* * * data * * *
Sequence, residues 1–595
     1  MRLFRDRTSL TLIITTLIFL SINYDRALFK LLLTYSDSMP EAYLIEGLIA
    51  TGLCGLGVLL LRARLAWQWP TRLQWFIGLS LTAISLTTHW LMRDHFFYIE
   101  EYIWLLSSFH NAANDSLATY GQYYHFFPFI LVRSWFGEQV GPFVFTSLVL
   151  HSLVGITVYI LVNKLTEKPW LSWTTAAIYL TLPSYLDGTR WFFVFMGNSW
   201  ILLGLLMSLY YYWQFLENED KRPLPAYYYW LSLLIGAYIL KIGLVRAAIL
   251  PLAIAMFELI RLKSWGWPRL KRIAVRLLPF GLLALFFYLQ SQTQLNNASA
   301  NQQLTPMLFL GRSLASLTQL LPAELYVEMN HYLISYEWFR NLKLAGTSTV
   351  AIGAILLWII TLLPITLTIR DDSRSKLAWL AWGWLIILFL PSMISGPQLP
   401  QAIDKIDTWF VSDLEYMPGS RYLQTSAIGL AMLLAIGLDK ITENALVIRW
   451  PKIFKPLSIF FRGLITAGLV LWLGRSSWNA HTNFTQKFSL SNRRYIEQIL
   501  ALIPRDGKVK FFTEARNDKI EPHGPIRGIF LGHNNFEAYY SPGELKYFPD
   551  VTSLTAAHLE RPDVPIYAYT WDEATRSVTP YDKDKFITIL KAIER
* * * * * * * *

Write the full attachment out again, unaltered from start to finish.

Sequence, residues 1–595
     1  MRLFRDRTSL TLIITTLIFL SINYDRALFK LLLTYSDSMP EAYLIEGLIA
    51  TGLCGLGVLL LRARLAWQWP TRLQWFIGLS LTAISLTTHW LMRDHFFYIE
   101  EYIWLLSSFH NAANDSLATY GQYYHFFPFI LVRSWFGEQV GPFVFTSLVL
   151  HSLVGITVYI LVNKLTEKPW LSWTTAAIYL TLPSYLDGTR WFFVFMGNSW
   201  ILLGLLMSLY YYWQFLENED KRPLPAYYYW LSLLIGAYIL KIGLVRAAIL
   251  PLAIAMFELI RLKSWGWPRL KRIAVRLLPF GLLALFFYLQ SQTQLNNASA
   301  NQQLTPMLFL GRSLASLTQL LPAELYVEMN HYLISYEWFR NLKLAGTSTV
   351  AIGAILLWII TLLPITLTIR DDSRSKLAWL AWGWLIILFL PSMISGPQLP
   401  QAIDKIDTWF VSDLEYMPGS RYLQTSAIGL AMLLAIGLDK ITENALVIRW
   451  PKIFKPLSIF FRGLITAGLV LWLGRSSWNA HTNFTQKFSL SNRRYIEQIL
   501  ALIPRDGKVK FFTEARNDKI EPHGPIRGIF LGHNNFEAYY SPGELKYFPD
   551  VTSLTAAHLE RPDVPIYAYT WDEATRSVTP YDKDKFITIL KAIER